Here are updates on a couple of backstops the Nationals have high hopes for heading into 2021. Assistant general manager of player development Mark Scialabba said Israel Pineda has gotten a lot of notice for his power stroke, while 2014 third-round selection Jakson Reetz showed solid progress in 2019 and into the alternate training site this summer.
Israel Pineda, 20
5-foot-11, 190 lbs.
Signed: July 2, 2016
2018 mid-season All-Star in short-season Single-A New York Penn League (Auburn)
101 games for low single-A Hagerstown in 2019
.217/.278/.305, seven homers, 35 RBIs
Key note: No. 14 Nats prospect
“He’s got all the raw ingredients you want in a frontline catcher,” said Scialabba. “He has the feel to hit, can barrel up the baseball, hits the ball on a line, very instinctual at the plate. He is someone that has emerging power down the road. He is still very young and is starting to grow into his body a little bit better. Israel works extremely hard.”
Pineda was one of several players unable to travel back to his native Venezuela early on this summer due to the imposed COVID-19 travel restrictions. So the Nationals placed these players in a hotel near their spring training facility in West Palm Beach, Fla.
“He was stuck in the hotel and he took care of his body as best he could,” Scialabba said. “He was actually in good shape when he came to the alternate site. That’s going to be the next phase of his development, just kind of filling out, getting those man muscles. He’s done a nice job with that.”
Scialabba said the Nats focused on Pineda’s catching skills at fall instructional league. Pineda has demonstrated excellent defense and an ability to block the ball at the plate.
“Defensively, he is a solid receiver and is improving his receiving skills,” Scialabba said. “Blocking was probably the thing he improved the most this year. Doing a nice job blocking balls in the dirt, especially to his right, and handling a lot of breaking balls from power pitchers that we had at the alternate site.”
Scialabba said the Nats have also been impressed with Pineda’s throws to second base.
“His arm strength continues to show solid average to plus arm strength,” he said. “Accuracy is something that he will continue to work on. He’s still young and it’s not as consistent as we would like him to be. He’s not a finished product yet, but certainly it’s in there. That’s part of the evolution of a catcher is bringing it each day with each pitch and not taking anything off.”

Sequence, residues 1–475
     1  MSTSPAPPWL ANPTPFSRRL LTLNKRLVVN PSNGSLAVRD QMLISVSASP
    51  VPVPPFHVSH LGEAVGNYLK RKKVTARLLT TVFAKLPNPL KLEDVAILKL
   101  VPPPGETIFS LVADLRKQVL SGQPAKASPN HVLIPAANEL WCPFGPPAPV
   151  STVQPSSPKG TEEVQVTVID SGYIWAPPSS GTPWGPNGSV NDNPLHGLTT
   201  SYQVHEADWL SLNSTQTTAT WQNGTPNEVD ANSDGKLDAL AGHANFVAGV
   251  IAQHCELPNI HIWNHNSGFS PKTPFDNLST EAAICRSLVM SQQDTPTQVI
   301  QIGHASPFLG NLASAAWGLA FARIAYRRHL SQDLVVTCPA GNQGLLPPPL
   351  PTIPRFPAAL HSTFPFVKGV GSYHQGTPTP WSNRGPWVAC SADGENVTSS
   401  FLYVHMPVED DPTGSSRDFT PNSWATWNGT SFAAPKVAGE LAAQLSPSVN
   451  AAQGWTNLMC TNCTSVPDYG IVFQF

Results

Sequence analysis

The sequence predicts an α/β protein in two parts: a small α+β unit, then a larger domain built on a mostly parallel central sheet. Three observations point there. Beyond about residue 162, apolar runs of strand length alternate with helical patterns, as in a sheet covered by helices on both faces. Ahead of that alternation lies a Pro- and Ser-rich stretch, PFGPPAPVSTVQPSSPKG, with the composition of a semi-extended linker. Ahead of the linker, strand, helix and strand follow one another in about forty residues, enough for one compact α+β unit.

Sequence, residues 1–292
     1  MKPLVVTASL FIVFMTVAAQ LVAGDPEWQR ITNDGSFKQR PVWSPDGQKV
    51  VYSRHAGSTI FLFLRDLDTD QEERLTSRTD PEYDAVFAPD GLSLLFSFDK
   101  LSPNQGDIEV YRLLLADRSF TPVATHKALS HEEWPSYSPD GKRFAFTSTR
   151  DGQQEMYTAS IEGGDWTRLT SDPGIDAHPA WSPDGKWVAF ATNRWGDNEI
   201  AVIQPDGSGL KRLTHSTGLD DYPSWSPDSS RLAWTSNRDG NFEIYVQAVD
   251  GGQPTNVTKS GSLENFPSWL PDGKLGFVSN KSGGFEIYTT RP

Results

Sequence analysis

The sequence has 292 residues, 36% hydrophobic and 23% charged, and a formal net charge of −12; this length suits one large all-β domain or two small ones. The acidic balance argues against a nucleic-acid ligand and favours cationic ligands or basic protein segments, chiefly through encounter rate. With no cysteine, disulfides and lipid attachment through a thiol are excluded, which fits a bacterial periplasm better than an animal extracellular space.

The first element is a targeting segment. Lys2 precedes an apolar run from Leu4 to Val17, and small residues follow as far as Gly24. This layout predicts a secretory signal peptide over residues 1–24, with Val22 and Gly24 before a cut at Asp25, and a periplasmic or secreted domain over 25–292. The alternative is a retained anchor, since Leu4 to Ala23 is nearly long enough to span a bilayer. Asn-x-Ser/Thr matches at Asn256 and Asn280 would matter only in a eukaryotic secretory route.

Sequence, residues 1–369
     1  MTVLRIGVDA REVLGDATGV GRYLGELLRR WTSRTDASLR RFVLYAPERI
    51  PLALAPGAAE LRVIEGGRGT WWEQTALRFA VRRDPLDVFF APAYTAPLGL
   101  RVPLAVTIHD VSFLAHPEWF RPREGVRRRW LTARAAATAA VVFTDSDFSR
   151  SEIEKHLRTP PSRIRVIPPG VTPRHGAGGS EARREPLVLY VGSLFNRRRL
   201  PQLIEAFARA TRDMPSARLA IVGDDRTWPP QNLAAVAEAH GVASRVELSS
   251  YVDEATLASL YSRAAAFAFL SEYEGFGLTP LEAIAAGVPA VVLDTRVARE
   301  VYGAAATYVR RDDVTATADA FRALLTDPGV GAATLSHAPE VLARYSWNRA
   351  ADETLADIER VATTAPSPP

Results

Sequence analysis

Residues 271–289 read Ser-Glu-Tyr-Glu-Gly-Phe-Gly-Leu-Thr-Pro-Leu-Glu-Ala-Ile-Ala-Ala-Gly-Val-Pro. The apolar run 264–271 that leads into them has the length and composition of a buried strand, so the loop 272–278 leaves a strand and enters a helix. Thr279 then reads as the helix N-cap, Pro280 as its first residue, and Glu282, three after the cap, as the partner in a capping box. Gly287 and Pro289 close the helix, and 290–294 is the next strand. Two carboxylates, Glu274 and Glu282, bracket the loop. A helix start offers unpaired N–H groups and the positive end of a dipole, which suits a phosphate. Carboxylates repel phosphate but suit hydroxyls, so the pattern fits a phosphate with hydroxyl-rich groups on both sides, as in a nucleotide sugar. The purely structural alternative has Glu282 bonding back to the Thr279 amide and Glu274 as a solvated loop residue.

Jakson Reetz, 24
6-foot-0, 205 lbs.
Drafted: Third round in 2014 First-Year Player Draft
2019 MiLB.com organizational All-Star, Single-A Potomac mid-season All-Star
.253/.370/.441 13 HR, 55 RBI in 96 games in 2019, Arizona Fall League invite
Key stat: Slugging percentage jumped 118 points from 2018 to 2019
Reetz was not at instructional league in October, but got a lot of good work in and experience in Fredericksburg, Va., at the alternate training site, catching the Nats’ elite pitchers. Scialabba said Reetz built off his 13-homer performance from 2019.
“Jakson had a really good camp,” Scialabba said. “He started off and he showed power to big parts of the field and had a really strong start to the camp. In 2019, he went to Potomac and to the fall league. He got off to a great start for a week in Arizona and then he hurt himself and unfortunately couldn’t finish up. He was on a path of showing that he is the type of breakout candidate.
“He went to the alternate site, did a nice job handing the staff. He’s at that point now where he is starting to mentor some of these young pitchers because he has seen all these prospects come through our system. He catches the big leaguers in spring training and knows the quality of the stuff about pitch ability, how to sequence and he has improved in that area. He is probably our best catch-and-throw receiver. He is still continuing to develop in all phases. We are high on Jakson as well. We believe the power is real and it’s going to be a big year for him next year.”
Reetz has been assigned to Double-A Harrisburg to begin 2021. There were seven catchers at the instructional league workouts: Geraldi Diaz, Mason Doolittle, Brady Lindsly, Ivan Murzi, Wilmer Perez, Pineda and Ray Torres. Here are my summer updates on Torres and his play in college.